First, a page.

People look to great leaders not to tell them exactly what to do, but to guide them by example. Good leaders know how to walk alongside those who they lead. They understand how to motivate others and work towards a common goal, all the while being sure that everyone within the group has their needs met.
Employers need great leaders. Business owners must be great leaders, too. As such, it is important for college students to develop leadership skills during their course programs. So, how do you develop leadership skills in college? Here are some ideas to get you started.
Sign Up for Work-Study
Most colleges have work-study programs in which students work a certain number of on-campus hours. When you first start in a work-study position, there may not be a lot of opportunities to lead. However, if you stick with it, the more experienced students will often be promoted into leadership roles. You may end up responsible for scheduling the other work-study students in your workplace, or for training the new work-study students in your role. This is a great opportunity to learn how to lead your peers in a low-stress situation.
Join an Honors Society
Ask your student advisor about the honors societies that are active on your campus. Research each of them, and choose one to join. Often, these honors societies elect students to serve as chapter leaders. After some time spent learning and getting to know the society, you could run for office. This would be great way to not only get some leadership experience, but also some political experience.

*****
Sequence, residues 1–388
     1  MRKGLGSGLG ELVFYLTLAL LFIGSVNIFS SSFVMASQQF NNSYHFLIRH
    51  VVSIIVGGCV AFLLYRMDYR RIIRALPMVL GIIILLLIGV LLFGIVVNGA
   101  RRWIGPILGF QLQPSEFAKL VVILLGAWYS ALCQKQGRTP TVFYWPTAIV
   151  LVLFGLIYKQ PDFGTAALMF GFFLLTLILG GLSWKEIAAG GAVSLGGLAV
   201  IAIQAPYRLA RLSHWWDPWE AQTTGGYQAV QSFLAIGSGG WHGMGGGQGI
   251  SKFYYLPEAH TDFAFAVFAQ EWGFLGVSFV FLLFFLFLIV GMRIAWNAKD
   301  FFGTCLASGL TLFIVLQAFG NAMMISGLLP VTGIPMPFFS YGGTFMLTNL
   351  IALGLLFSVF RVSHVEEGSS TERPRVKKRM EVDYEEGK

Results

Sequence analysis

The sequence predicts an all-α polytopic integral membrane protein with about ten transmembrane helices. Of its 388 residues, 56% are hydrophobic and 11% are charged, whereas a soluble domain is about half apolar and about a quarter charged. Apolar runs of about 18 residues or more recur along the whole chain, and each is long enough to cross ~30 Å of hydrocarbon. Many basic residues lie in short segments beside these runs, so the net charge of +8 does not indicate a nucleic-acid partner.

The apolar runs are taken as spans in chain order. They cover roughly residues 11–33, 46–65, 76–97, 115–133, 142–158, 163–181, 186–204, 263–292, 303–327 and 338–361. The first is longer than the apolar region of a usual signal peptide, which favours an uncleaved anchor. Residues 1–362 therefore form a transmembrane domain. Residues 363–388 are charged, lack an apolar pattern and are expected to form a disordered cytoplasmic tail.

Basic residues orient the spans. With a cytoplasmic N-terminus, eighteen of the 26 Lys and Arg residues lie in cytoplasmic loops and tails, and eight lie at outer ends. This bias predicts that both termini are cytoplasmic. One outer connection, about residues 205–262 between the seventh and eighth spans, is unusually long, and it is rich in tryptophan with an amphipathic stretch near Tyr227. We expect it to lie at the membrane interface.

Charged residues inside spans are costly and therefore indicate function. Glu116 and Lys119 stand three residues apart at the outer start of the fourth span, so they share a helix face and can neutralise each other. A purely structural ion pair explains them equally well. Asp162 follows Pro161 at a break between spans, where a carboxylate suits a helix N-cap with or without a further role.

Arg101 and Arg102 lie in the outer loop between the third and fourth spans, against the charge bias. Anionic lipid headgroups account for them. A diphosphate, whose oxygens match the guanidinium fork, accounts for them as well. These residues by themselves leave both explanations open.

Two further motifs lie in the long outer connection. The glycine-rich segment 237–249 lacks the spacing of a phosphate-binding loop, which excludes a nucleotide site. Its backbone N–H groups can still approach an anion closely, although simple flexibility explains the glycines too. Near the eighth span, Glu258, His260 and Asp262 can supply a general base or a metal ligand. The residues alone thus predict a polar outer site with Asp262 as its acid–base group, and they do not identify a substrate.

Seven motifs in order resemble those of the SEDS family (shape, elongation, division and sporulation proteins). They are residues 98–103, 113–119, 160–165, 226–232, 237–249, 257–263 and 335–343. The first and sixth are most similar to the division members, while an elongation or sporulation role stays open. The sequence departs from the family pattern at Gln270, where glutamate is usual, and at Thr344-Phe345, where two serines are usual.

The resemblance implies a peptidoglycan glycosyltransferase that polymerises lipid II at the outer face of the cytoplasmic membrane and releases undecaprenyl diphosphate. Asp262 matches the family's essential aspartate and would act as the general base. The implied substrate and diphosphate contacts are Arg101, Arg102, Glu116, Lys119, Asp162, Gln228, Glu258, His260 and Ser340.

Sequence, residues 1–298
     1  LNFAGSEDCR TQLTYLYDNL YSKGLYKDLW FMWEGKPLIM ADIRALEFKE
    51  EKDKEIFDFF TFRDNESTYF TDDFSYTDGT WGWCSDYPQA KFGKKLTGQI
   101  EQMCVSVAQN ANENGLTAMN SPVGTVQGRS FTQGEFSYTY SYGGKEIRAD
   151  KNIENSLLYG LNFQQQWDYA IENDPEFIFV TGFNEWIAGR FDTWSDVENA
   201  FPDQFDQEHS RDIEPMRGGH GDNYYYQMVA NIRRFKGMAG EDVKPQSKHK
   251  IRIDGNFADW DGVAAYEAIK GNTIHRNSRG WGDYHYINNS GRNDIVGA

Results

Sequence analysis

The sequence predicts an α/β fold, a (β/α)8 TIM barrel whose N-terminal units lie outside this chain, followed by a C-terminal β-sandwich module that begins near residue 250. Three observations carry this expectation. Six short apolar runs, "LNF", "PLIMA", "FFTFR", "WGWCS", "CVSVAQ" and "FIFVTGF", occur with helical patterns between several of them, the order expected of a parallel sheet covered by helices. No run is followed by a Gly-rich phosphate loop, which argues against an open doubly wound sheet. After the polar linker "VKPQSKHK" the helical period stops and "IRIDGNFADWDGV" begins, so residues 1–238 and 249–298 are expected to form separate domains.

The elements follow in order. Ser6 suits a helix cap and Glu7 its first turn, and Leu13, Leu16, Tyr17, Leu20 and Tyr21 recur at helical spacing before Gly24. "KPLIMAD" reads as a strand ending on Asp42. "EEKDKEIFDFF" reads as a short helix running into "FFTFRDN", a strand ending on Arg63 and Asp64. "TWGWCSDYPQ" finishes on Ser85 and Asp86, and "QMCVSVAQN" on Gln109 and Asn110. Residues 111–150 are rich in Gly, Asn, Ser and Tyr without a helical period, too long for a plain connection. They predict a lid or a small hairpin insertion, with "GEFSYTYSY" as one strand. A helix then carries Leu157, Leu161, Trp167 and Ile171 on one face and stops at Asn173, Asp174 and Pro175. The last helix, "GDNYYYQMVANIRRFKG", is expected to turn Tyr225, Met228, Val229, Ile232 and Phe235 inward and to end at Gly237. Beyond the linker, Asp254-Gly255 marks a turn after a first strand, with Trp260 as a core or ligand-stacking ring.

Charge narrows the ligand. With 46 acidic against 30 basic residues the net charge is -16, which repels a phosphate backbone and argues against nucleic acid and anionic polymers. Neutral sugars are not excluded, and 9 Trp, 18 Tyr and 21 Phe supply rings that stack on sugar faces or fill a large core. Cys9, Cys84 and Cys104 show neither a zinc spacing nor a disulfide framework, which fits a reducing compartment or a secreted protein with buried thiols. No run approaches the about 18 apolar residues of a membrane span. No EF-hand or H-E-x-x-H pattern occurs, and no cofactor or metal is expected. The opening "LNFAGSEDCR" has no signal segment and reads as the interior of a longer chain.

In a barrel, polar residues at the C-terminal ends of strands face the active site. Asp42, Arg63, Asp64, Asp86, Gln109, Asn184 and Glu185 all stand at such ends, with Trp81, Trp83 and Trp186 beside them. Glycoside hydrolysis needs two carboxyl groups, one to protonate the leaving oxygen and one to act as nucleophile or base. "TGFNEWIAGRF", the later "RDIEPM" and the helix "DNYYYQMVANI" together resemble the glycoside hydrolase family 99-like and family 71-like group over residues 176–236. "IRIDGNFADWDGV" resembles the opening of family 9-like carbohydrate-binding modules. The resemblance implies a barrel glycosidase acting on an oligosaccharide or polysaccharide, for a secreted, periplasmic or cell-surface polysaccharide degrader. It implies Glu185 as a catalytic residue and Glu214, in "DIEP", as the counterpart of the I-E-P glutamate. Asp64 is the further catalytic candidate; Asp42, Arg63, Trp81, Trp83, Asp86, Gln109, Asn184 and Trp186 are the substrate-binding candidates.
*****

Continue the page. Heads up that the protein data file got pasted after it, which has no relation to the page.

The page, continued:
If running for office within an honors society is not for you, then there are probably some smaller, more isolated events organized by the group that you could help lead. For example, you may be able to step up and help organize a fundraiser or a recruiting seminar.
Mentor Younger Students
If you would prefer to start off with a more personalized leadership role, see if your campus has a program for student mentors. As a junior or a senior, you may be able to sign up to mentor incoming freshmen. This gives you a chance to walk alongside just one or two other people, honing your listening skills and your ability to relate to others. Those are key leadership skills that can easily translate to larger group settings one day.
Become a Resident Advisor
Resident advisors are older students to live in the dorms. Their job is to oversee the younger students. They make sure everyone is comfortable and safe, they organize group dorm activities, and they make sure important safety information gets passed on to student residents. Being an RA is a great opportunity to develop your leadership skills with a larger group, and often, the school will pay for your housing costs if you sign onto this position. That’s a win-win situation for sure.
Become a Teaching Assistant
Professors often hire teaching assistants, especially for their larger classes. As a TA, you might lead recitations, which are group sessions where you’ll review the material with students and answer their questions. You’ll likely also hold office hours where students can meet with you for extra help. It’s like being a tutor, but in a more structured way with more leadership involved.
Students who develop leadership skills in college often excel once they enter the workplace. So, consider taking one or more of the paths above to gain some leadership experience during your college years. College can be — and should be — about more than simply attending class.